Favorite Gardens in the West

See hydrangeas, tulips, roses, and more bountiful blooms.

Tulips bloom in Crystal Hermitage Gardens at Ananda Village in Nevada City, CA.
Tulips bloom in Crystal Hermitage Gardens at Ananda Village in Nevada City, California.
Kial James

March/April 2022 Issue

Crystal Hermitage Gardens in Nevada City, California, is exquisite year-round, but especially in springtime! The flowers, buildings, and views over the Yuba River canyon are breathtaking. You will find yourself enveloped in an overwhelming feeling of deep peace.” —Jyoti Spearin

“My favorite gardens are the Butchart Gardens on Vancouver Island in British Columbia. As the story goes, this family had a quarry in their backyard, and one day the husband told his wife they had dug all they could from this area and were going [to mine] elsewhere, leaving an ugly pit next to the house. She turned that pit into what is called the Sunken Gardens—and then she built a Japanese garden, a beautiful rose garden, and a formal Italian garden. It’s the most impressive garden I have ever seen. Everywhere you turn, you see gorgeous flowers. I could spend hours there.” —Stacy Sheehan

“Beautiful trails wind through Mendocino Coast Botanical Gardens in Fort Bragg, California, in a natural setting next to the ocean. There are interesting plants and trees that thrive in a salty climate and a stream going through. It’s a great place to visit!” —Tuulia Lowe

Filoli's sunken garden with waterlilies and the Garden House in the background.

Filoli's sunken garden with waterlilies and the Garden House in the background.

Liberte Reilly / Filoli

"The best time of year at Filoli in Woodside, California, is when the daffodils bloom in the meadow filled with fruit trees also in bloom. Or is it when the profusion of tulips are blooming? Or is it the rose garden? Or the blue, blue hydrangeas? There is something in every season, plus a mansion to tour, art shows in the main building, and events. It's a treasure.” —Diane Grindol

“A subset of the University of Utah, Red Butte Garden in Salt Lake City features several unique style-specific sections. For me, the most engaging is the Water Conservation Area, located on the highest section of the garden, literally up against the foothills of the Wasatch Mountains, with stunning views of the entire Salt Lake Valley. The conservation area features hundreds of plants—ground covers, cacti, agaves, succulents, shrubs, flowers, and trees—that thrive with very little water in our high-desert environment.” —Ken Kraus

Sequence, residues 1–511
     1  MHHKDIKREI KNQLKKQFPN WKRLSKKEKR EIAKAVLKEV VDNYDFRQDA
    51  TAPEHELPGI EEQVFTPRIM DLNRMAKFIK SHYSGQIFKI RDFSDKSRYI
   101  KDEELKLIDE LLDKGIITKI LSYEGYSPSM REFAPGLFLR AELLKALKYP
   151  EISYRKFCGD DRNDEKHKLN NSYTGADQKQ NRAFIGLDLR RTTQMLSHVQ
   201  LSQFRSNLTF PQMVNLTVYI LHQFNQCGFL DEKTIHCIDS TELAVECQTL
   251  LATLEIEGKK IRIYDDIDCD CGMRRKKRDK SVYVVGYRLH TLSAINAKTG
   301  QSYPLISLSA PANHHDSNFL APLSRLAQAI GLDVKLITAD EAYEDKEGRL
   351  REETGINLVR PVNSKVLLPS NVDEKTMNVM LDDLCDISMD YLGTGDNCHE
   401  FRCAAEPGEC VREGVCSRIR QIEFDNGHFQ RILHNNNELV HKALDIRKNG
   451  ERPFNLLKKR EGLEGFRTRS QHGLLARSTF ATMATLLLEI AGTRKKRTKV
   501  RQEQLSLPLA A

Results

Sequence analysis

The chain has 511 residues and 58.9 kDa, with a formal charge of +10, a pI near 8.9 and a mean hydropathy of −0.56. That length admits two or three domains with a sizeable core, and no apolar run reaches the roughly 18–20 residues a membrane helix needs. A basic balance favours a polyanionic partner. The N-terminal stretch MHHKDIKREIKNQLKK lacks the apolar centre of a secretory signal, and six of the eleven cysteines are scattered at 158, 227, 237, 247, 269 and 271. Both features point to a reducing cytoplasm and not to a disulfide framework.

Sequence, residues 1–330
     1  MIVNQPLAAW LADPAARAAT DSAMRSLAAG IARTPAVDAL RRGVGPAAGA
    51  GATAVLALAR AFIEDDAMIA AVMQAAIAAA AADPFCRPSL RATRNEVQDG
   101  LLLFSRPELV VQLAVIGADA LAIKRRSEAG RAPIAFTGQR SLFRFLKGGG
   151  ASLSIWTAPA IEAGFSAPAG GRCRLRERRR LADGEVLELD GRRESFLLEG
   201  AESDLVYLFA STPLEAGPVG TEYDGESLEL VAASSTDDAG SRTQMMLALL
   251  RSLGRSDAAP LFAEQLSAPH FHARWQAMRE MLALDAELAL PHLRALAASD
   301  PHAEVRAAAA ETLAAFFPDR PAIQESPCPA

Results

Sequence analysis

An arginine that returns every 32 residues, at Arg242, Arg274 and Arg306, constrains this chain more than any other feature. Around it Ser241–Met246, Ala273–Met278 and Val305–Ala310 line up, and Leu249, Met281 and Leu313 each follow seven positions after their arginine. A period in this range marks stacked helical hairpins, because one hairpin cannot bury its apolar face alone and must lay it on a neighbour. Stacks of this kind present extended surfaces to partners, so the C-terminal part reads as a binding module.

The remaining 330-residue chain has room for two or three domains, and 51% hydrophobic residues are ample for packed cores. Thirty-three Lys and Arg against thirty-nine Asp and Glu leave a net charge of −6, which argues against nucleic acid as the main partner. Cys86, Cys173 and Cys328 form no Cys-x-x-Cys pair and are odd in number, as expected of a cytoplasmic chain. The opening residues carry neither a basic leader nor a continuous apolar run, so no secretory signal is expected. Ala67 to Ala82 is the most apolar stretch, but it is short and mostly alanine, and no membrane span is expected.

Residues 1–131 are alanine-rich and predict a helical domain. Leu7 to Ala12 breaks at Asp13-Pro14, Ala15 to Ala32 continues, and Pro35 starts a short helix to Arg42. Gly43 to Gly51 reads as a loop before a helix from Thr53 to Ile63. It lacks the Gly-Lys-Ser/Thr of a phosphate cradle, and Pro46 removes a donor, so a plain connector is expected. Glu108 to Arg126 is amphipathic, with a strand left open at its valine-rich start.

Sherman Gardens in Corona del Mar, California, has a large variety of plants in both outdoor and indoor settings, [offers] a wonderful educational program for children, is easy to walk through, and has exceptional seasonal events and plantings.” —Suzanne Dandoy

The entrance to Ruth Bancroft Garden in Walnut Creek, California.

The Ruth Bancroft Garden celebrates the best of drought-tolerant foliage.

Olivia Smartt

“The Ruth Bancroft Garden in Walnut Creek, California, provides the desert garden wow factor for me. Combine that with the history of a woman who was a pioneer in the growing of cacti and succulents from around the world, a first-class nursery, and events, and this small garden is always a favorite for me.” —Katherine Murray

“My favorite is the Huntington Library, Art Museum, and Botanical Gardens! The San Marino, California, gem is part of the Huntington family legacy in early California: building wealth and influence during the Gold Rush, becoming instrumental in building the Trans Continental Railroad, and bringing art and culture to early Pasadena. They turned a family home into a marvelous place for us all to soak in the best of art, literature, history, and nature. The Japanese garden and Chinese garden and pools, desert garden, rose garden, children’s garden, and hot house with its famous stinky ‘corpse plant’—you can’t do it all in one day. Over lots of visits, it never gets old!” —Marlyn Hiroto